I wasn't allowed to stay at the hospital but I visited Luba every day. On September 13, when she'd finally recovered, I went to pick her up.
'But her Dad's already taken her,' the nurse frowned. Panicked and confused, I called Nikolay immediately.
'Luba is safe with me and my wife,' he told me. 'You'll never see her again.' He hung up and switched off his phone.
My mind spun. What wife? What did he mean? I stood at the hospital, frozen and shaking. I have to get my baby back!
Calling the police, they contacted Nikolay who told them Luba was safe and that I couldn't look after her properly.
'You'll have to sort it out between you,' the officer said.
Disheartened but determined, I went to social services and they checked on Luba.
'The wife is looking after her well,' they told me.
'But they've stolen my baby!' I protested. Luba was my child. Why wasn't anyone listening?
Desperate to get her back, I recruited a lawyer. Nikolay had the same idea. He'd already applied for full custody of Luba, claiming I was an unfit mum.
Shockingly, a social services official had signed papers saying I was an alcoholic and a drug addict who lived in an untidy dump.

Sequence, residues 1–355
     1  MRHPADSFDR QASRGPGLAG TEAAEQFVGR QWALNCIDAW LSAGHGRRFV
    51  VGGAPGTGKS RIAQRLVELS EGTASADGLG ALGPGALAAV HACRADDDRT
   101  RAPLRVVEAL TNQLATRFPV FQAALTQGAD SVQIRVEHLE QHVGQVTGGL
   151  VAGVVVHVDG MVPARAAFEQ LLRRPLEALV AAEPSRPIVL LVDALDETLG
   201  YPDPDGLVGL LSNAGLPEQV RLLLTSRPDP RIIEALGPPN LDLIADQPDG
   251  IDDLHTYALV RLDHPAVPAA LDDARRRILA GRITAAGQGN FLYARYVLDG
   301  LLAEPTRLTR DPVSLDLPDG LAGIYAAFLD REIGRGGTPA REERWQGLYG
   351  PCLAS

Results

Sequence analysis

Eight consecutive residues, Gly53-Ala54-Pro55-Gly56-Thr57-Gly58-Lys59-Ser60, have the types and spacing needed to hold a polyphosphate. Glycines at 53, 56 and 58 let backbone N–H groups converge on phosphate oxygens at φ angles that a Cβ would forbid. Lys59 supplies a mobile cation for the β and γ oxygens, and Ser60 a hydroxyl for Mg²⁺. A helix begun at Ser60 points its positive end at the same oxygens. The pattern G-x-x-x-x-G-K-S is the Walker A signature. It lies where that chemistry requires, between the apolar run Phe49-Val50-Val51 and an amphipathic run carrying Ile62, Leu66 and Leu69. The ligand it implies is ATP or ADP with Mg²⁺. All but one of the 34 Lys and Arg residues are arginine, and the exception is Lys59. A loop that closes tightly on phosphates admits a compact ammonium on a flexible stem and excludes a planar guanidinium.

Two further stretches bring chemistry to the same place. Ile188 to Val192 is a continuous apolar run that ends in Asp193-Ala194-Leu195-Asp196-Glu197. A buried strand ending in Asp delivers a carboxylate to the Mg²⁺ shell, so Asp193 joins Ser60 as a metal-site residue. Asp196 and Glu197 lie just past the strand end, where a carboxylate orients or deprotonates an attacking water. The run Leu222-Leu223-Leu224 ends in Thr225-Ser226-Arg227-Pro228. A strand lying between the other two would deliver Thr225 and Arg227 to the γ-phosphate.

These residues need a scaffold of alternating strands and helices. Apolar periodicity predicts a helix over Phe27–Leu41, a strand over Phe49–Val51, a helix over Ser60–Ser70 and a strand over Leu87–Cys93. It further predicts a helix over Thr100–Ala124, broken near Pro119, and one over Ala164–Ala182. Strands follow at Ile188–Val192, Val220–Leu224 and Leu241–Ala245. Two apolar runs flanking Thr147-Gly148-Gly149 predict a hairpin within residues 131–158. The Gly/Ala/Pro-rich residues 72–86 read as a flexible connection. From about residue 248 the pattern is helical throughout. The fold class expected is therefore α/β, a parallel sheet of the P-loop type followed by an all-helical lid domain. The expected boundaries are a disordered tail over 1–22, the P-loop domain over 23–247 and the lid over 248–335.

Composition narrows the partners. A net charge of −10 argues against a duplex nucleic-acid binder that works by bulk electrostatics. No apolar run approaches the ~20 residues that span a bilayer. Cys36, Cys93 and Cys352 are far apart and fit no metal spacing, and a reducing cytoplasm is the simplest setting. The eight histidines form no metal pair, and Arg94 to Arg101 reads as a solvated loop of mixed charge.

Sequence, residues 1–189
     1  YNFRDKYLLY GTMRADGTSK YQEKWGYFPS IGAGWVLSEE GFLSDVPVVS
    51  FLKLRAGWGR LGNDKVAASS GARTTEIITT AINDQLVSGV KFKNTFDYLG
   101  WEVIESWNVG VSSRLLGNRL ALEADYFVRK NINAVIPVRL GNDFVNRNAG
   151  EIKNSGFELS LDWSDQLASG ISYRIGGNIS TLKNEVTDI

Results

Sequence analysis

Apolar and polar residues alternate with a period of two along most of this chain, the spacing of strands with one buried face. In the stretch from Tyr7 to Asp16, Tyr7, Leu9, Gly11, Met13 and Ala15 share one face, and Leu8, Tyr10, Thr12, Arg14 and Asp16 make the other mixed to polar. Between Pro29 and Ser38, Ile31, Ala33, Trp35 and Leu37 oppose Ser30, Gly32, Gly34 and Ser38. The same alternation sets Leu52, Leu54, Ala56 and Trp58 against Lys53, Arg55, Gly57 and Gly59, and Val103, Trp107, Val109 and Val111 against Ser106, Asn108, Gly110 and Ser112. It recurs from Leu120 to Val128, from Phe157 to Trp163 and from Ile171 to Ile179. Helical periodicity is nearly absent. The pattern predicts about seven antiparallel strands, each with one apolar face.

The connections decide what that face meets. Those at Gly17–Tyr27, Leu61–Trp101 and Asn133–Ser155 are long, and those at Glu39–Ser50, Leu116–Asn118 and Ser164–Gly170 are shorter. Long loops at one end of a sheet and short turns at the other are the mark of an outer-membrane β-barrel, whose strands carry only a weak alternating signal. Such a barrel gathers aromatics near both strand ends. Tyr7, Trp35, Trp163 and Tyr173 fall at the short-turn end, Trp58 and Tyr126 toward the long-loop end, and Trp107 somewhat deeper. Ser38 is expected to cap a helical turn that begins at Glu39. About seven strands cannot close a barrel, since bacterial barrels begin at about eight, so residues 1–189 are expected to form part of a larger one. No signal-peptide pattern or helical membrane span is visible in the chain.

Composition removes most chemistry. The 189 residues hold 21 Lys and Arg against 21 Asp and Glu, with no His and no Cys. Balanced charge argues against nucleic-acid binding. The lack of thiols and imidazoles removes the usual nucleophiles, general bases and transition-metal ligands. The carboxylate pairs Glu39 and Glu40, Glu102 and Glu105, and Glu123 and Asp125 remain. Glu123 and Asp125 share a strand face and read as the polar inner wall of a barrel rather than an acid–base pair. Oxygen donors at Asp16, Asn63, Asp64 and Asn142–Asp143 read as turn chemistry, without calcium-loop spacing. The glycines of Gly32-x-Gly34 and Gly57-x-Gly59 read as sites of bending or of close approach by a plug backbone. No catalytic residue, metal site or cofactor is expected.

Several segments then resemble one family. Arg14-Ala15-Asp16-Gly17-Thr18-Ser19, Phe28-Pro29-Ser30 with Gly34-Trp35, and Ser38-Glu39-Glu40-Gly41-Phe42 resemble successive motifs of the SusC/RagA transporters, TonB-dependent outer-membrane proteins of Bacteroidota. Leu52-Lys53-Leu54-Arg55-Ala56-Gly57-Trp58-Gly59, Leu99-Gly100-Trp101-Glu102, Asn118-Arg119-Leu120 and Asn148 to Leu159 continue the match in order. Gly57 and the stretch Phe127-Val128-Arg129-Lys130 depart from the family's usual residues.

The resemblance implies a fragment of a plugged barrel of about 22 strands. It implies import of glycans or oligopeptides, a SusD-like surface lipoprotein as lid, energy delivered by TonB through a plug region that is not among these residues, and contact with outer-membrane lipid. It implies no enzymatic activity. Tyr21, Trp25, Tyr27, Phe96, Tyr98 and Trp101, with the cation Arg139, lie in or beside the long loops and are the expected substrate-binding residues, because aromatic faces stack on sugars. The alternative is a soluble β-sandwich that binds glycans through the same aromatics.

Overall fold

It was pure lies! My house was always spotless, I have never touched drugs and I rarely drink.
But one thing emerged that turned out to be true. Nikolay had a long-term partner who he'd married soon after I had Luba. Her name was Ludmila - the owner of the cafe. They'd been together for 12 years and couldn't have children of their own. I was speechless.
Later that year at Pervomaisky District Court, the surprises kept coming. We heard that during my pregnancy Ludmila had stuffed padding under her dress to make it seem like she was expecting too. That's why my colleagues assumed she was pregnant!
But they had no idea Ludmila was with Nikolay. He had fooled me into thinking he was single.
'Luba is so loved,' Nikolay told the court. 'For the baby, Ludmila is now her mother.'
I felt sick. By then, it had been three torturous months since I'd seen my daughter. But the court papers also painted a disturbing picture of who Nikolay really was. He'd served time for a string of crimes, mostly against much younger women.
The lies about me being an alcoholic and drug addict were thrown out of court. The social service official admitted she'd never met me or visited my home. She claimed she was given the information by a policeman, who turned out to be a friend of Nikolay's.
The judge demanded they apologise to the court and ruled there should be no stain on my character. My version of events was completely accepted and Nikolay was ordered to return Luba to my care. I closed my eyes, overwhelmed with relief.
Although Nikolay appealed the decision, the outcome didn't change. I'll raise Luba, who is now 18 months old, on my own. Nikolay doesn't have any rights to see the daughter he tried to steal from me.
Originally published in that’s life! Issue 3 – January 2014